BRUSSELS/LONDON (Reuters) - Any Israeli move to annex parts of the West Bank would be “fatal” for Middle East peace hopes and must be prevented, if necessary with countermeasures, more than 1,000 lawmakers from across Europe said in a letter to European governments.
The June 23 letter, signed by 1,080 lawmakers from 25 countries and made public on Wednesday, raises parliamentary concerns about U.S. President Donald Trump’s Israeli-Palestinian peace plan. The signatories said annexation would break international law.
Israeli Prime Minister Benjamin Netanyahu has set July 1 as the date for the start of cabinet discussions on moving forward on annexation, in line with Trump’s plan that envisages Israeli sovereignty over 30% of the West Bank and Palestinian statehood under strict conditions.
“Such a move (annexation) will be fatal to the prospects of Israeli-Palestinian peace and will challenge the most basic norms guiding international relations,” the letter said.
“Acquisition of territory by force has no place in 2020,” said the lawmakers, who included members of parliament from Hungary and the Czech Republic, two countries sympathetic to Israel and to Trump’s Jan. 28 peace plan.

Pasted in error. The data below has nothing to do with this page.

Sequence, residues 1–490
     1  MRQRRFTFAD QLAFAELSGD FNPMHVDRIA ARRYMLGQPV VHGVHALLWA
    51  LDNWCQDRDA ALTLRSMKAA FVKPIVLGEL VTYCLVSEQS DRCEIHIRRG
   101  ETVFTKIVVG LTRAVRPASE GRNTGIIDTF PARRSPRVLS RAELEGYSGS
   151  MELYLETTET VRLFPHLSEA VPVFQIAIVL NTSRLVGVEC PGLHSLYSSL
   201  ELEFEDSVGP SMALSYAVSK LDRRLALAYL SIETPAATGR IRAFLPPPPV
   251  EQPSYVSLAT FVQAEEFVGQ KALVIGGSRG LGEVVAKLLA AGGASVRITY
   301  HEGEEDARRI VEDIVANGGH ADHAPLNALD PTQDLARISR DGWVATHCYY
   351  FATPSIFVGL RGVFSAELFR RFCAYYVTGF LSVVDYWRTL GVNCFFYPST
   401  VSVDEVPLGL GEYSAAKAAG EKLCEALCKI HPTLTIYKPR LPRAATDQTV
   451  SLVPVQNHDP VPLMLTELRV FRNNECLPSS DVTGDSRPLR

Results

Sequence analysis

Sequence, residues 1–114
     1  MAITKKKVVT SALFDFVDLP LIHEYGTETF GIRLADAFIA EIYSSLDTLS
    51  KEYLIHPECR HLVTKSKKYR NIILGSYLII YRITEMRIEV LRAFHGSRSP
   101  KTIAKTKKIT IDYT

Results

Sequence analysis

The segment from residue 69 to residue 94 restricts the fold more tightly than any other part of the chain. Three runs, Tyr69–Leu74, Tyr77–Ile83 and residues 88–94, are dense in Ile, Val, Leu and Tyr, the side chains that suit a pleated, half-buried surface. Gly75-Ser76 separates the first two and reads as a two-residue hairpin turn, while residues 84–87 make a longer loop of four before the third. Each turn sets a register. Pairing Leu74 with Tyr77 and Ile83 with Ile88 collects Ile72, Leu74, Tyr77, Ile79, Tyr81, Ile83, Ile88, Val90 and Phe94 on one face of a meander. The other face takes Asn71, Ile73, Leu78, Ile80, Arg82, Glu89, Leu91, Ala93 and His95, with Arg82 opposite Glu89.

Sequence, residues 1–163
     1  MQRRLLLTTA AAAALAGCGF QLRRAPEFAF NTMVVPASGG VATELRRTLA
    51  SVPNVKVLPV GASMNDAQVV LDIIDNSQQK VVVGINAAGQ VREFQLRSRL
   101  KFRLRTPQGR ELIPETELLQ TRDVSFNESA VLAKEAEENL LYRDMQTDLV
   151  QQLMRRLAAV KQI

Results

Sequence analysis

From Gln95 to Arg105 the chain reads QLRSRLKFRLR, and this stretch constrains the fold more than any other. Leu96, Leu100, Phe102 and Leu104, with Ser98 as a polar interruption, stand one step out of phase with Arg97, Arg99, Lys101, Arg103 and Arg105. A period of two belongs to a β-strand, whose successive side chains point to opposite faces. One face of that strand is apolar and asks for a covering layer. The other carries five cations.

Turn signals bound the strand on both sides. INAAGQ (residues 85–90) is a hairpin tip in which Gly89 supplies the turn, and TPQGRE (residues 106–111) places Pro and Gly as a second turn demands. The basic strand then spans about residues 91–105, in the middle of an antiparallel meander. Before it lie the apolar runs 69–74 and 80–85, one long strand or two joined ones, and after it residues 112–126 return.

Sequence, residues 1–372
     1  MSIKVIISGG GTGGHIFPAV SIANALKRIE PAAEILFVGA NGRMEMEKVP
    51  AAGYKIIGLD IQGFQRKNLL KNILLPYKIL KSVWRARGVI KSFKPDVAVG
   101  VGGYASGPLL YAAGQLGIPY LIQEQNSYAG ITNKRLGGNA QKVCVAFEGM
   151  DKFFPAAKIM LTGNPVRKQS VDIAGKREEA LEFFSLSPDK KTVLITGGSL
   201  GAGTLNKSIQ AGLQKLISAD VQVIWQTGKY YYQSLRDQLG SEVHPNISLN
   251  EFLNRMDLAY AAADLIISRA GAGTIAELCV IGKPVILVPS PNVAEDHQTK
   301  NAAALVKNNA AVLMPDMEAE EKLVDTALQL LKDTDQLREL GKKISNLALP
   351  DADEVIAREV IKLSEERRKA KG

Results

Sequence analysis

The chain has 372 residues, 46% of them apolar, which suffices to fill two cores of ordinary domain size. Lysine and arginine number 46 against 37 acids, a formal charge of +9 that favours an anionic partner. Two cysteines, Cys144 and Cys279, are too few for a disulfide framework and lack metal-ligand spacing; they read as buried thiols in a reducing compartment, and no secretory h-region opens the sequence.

The plan offers U.S. recognition of Israel’s settlements dotted across the West Bank, and Israeli sovereignty over the Jordan Valley -- land captured in the 1967 Middle East war and claimed by Palestinians for a future state.
Israeli-Palestinian peace talks collapsed in 2014 and the Palestinians see annexations as an illegal land grab.
The United Nations Security Council has said settlements violate international law. Israel disputes this, citing biblical, historical and political connections to the land.
The European lawmakers called for “commensurate consequences” if Israel, which has more than 400,000 settlers in the West Bank, went ahead with annexation -- a reference to possible economic, trade or other sanctions.
“Failure to adequately respond would encourage other states with territorial claims,” the letter said.
Netanyahu has dismissed criticism of the annexation plans. He says that extending Israeli sovereignty to Jewish settlements in the West Bank will bring peace closer once critics of the move recognise that hundreds of thousands of settlers in the area will remain under any future deal.
Internal documents and Reuters interviews with more than two dozen diplomats and officials showed there is no clear EU strategy on how to stop Israel’s plan or how to respond in a meaningful way if annexation goes ahead.
Editing by Timothy Heritage
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